Thursday, June 13, 2024

This is an ARCHIVED article at Information and links may well be out of date.

A major article for BBC News (30 Apr 2010) reports that for the families of servicemen and women, the war in Afghanistan casts a long shadow over their lives - and how they will cast their vote.

Hayley Merrigan's Army flat in Germany where she lives with her gunner partner and 15-month-old daughter is just "old and needs updating".

But when the 21-year-old lived on the Wiltshire base at Larkhill, her flat was "horrible". "The previous paint colours came through the walls and the kitchen was damp. It was no place for a baby."

Both Labour and the Lib Dems have pledged to boost spending on modernising the Ministry of Defence's housing stock. Hayley's appeal to the party leaders is to also build more homes for forces families.

"And make them affordable. They're sticking people with children in flats. It's not a good way to live."



... Moving so frequently to new postings plays havoc with children's schooling.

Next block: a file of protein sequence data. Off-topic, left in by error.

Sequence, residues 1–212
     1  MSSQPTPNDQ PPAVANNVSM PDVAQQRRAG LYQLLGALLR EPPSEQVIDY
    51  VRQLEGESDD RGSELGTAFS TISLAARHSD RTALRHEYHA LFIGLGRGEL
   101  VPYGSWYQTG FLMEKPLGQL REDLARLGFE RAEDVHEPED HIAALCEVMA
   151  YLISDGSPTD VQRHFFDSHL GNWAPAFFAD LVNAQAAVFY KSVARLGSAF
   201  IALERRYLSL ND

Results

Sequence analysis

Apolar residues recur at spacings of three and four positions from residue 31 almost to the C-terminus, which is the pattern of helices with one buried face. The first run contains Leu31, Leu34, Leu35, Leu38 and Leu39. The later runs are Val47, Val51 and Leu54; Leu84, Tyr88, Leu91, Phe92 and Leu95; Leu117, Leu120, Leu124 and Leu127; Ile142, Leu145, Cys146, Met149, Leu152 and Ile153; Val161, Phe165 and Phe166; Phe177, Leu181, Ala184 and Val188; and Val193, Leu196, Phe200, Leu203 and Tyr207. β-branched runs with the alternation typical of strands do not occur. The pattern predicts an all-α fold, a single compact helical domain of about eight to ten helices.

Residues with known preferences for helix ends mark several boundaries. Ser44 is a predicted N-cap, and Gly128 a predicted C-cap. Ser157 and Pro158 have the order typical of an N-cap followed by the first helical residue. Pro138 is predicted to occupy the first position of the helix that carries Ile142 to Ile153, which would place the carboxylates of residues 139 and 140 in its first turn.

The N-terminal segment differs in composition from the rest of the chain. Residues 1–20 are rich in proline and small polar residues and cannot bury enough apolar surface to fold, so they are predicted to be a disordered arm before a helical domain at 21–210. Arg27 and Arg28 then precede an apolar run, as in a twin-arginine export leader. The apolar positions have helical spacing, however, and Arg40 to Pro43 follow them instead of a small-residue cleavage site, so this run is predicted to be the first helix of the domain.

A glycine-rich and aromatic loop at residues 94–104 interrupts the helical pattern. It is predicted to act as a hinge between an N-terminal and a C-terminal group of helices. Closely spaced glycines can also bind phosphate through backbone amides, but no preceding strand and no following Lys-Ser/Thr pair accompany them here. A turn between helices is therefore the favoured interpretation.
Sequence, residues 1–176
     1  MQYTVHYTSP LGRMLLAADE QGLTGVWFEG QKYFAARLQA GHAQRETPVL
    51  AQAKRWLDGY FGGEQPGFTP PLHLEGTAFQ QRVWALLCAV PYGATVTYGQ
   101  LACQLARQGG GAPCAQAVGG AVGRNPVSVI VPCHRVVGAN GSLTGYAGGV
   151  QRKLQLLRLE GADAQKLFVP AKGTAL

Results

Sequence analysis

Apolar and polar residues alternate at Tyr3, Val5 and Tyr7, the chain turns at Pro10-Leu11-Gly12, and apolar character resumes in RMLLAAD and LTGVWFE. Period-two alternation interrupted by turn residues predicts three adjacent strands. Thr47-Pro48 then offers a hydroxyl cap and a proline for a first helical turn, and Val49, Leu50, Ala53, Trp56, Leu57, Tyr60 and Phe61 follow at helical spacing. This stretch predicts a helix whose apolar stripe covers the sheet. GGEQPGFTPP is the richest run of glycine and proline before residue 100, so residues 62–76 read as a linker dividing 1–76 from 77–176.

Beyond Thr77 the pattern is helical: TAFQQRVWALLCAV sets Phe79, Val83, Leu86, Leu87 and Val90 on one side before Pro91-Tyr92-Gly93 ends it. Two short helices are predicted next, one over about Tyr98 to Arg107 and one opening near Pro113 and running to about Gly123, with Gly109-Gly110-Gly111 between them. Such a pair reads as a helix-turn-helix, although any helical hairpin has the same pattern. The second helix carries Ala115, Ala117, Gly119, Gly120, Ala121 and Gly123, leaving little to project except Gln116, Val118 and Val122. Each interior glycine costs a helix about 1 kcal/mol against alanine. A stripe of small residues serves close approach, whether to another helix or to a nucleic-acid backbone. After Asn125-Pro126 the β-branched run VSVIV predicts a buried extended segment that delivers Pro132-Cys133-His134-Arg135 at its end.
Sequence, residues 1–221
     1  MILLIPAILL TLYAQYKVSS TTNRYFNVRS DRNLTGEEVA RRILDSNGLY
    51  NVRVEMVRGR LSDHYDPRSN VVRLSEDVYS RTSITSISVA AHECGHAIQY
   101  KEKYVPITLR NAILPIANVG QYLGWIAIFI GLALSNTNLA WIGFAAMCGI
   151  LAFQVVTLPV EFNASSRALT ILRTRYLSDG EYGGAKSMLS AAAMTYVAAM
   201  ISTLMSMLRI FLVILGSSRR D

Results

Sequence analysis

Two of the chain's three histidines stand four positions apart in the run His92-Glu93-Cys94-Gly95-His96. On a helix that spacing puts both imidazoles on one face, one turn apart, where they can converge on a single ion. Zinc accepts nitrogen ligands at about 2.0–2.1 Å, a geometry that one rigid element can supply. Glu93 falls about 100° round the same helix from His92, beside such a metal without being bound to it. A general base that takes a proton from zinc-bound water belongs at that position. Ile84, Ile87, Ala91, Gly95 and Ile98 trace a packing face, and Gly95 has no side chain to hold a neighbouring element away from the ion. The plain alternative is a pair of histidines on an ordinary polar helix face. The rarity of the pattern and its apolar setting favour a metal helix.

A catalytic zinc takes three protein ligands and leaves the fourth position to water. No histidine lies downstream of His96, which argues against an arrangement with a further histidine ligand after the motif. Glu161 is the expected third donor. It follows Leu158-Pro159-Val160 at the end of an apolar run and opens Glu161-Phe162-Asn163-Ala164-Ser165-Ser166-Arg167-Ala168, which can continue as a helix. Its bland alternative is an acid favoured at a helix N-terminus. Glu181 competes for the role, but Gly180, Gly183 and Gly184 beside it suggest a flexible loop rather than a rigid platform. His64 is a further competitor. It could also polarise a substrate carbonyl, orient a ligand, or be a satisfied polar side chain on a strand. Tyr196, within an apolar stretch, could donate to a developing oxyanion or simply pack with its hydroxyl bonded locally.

"I found out I was moving in July and had to find places in new schools for September," said one mother.

No mention from the politicians on schooling for Army offspring, but Labour has pledged to keep NHS waiting list places if patients are moved to another area.

The Conservatives have promised more monitoring of the mental health of soldiers after they leave the services.

Lisa Trower, 36, whose husband is a staff sergeant, says Labour "could have done a lot more" for injured servicemen and women.

"A lot of soldiers do charity work for the soldiers who are injured - that help should come from the government.

"We've got a friend who was injured in Afghanistan. He broke his back and neck and has just started to walk. That was two years ago and he still hasn't had his lump sum.

"I worry what might happen to my husband."

The Tories have also promised university scholarships for the children of those personnel killed in action.

With British deaths in Afghanistan close to 300, it is a reality all these wives have to face.

Wearing a wristband supporting the charity Help For Heroes, Rachel Thackray, whose husband is in the Signals, says: "All we want really, is that they all come home alive, and none of the politicians can promise that."